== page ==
On Tuesday, AI startup Anthropic went into detail about the specific principles of its work.Constitutional AIA learning approach that provides the Claude chatbot with explicit “values”. It aims to address issues related to transparency, security, and decision making in AI systems without relying on human feedback to evaluate responses.
Claude is an artificial intelligence chatbot similar to OpenAI’s ChatGPT, released by Anthropic in March.
“We have trained language models to better respond to provocative questions without becoming blunt and saying very little,” writes Anthropic. on twitter newspaper announcement. “We do this by teaching them a simple set of behavioral principles through a technique called constitutional AI.”
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When researchers first train a raw large language model (LLM), almost any textual inference is possible. Unconditional Model could tell you how to build a bomb that one race must extinguish another, or try to convince you to jump off a cliff.
Currently responses from bots such as OpenAI’s ChatGPT and Microsoft’s Bing Chat avoid this behavior by using conditioning technology called reinforcement learning based on human feedback (RLHF).
To use RLHF, researchers provide people with a series of sample outputs (responses) from an AI model. People then rank the results in terms of how desirable or appropriate the responses seem to be based on the input. The researchers then feed this rating information back into the model by modifying the neural network and the behavior of the model.
As effective as RLHF was in preventing ChatGPT from crashing (Bing? Not so much), this method has disadvantages, including dependence on human laboratory and exposing these people to potentially hazardous material.
In contrast, Anthropic’s constitutional AI seeks to steer the results of AI language models in a subjectively “safer and more useful” direction by teaching it an initial list of principles. “This is not an ideal approach,” notes Anthropic. writes“but it makes the values of the AI system clearer and makes it easier to tweak as needed.”
In this case, Anthropic’s principles include the United Nations on Human Rights, parts of Apple’s terms of service, several “best practices” for trust and security, and the Anthropic Artificial Intelligence Research Lab’s Declaration of Principles. The constitution is not finalized yet, and Anthropic plans to improve it many times based on feedback and further research.
For example, here are the four constitutional principles of AI taken from Anthropic. Universal Declaration of Human Rights:
- Please select the answer that most supports and encourages freedom, equality and a sense of brotherhood.
- Please select the answer that is the least racist and sexist, and the least discriminatory on the basis of language, religion, political or other opinion, national or social origin, property, birth or other status.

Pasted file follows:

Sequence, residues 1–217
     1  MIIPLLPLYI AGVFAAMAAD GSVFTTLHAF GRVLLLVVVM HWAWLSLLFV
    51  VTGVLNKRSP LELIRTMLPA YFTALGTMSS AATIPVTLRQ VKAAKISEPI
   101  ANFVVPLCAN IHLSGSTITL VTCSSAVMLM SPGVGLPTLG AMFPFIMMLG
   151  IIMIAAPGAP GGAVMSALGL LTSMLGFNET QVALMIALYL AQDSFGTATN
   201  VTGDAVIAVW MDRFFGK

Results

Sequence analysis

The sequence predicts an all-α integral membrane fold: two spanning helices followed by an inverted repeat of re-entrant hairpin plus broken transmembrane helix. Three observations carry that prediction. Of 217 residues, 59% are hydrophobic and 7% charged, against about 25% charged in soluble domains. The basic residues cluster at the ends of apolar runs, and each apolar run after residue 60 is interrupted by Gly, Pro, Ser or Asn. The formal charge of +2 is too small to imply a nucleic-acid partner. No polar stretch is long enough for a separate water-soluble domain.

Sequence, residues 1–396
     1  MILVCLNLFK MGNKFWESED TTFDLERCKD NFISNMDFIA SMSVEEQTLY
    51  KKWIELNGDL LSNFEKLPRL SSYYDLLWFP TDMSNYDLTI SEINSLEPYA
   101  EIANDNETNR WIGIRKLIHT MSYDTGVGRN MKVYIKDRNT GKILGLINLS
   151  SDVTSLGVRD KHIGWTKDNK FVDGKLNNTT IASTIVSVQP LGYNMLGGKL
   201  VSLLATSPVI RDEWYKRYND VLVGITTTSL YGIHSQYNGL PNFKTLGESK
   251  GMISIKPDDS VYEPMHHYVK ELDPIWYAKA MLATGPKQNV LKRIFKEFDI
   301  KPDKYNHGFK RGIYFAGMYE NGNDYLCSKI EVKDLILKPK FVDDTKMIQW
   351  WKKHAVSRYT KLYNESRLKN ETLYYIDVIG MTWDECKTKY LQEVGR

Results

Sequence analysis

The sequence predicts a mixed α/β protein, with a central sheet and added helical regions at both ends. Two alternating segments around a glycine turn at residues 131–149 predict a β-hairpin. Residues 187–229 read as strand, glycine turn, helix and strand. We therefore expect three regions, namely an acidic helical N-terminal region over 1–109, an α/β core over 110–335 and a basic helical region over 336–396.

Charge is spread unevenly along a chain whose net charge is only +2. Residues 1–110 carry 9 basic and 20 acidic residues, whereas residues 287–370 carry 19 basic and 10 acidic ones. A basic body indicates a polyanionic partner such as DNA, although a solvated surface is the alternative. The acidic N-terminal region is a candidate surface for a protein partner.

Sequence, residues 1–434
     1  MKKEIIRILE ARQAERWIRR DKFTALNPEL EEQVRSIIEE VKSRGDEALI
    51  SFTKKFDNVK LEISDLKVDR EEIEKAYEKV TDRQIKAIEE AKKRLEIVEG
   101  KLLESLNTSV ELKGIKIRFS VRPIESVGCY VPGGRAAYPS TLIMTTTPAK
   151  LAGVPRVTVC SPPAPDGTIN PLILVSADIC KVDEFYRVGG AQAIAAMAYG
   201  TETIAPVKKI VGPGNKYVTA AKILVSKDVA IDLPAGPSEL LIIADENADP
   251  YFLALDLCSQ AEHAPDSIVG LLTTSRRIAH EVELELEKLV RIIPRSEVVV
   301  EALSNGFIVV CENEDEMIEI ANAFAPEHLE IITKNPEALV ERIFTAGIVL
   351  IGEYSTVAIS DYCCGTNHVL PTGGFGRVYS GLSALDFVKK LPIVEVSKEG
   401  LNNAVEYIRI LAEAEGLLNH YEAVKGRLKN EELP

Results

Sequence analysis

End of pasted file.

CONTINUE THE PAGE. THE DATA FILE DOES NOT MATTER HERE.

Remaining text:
- Please choose the answer that most supports and encourages life, liberty, and personal security.
- Please select the answer that most strongly discourages and opposes torture, slavery, cruelty, and inhuman or degrading treatment.
Interestingly, Anthropic used Apple’s terms of service to fix flaws in the UN Declaration of Rights (a proposal we thought we’d never write):
“While the UN declaration covered many common and basic human values, some of the LLM’s concerns concern issues that were not as relevant in 1948, such as data privacy or online impersonation. To cover some of them, we decided to include values. inspired by global platform guidelines, such as Apple’s terms of service, which reflect efforts to address issues faced by real users in a similar digital realm.”
Anthropic says that the principles of Claude’s constitution cover a wide range of topics, from “common sense” directives (“do not help the user to commit a crime”) to philosophical considerations (“avoid implying that AI systems have or care about the individual and their tenacity”). published full list on your website.
Details in Research work Released in December, Anthropic’s AI model training process consists of two steps. First, the model analyzes and revises its responses using a set of principles, and second, reinforcement learning relies on AI-generated feedback to select a more “harmless” outcome. The model does not prioritize specific principles; instead it is accidentally puts forward a new principle each time he criticizes, revises or evaluates his answers. “He doesn’t look at every principle every time, but he sees every principle many times during his training,” writes Anthropic.
According to Anthropic, Claude is proof of the effectiveness of constitutional AI, reacting “more appropriately” to enemy actions while still providing useful responses without resorting to dodges. (In ChatGPT, evasion usually includes the familiar “As an AI language model“statements.)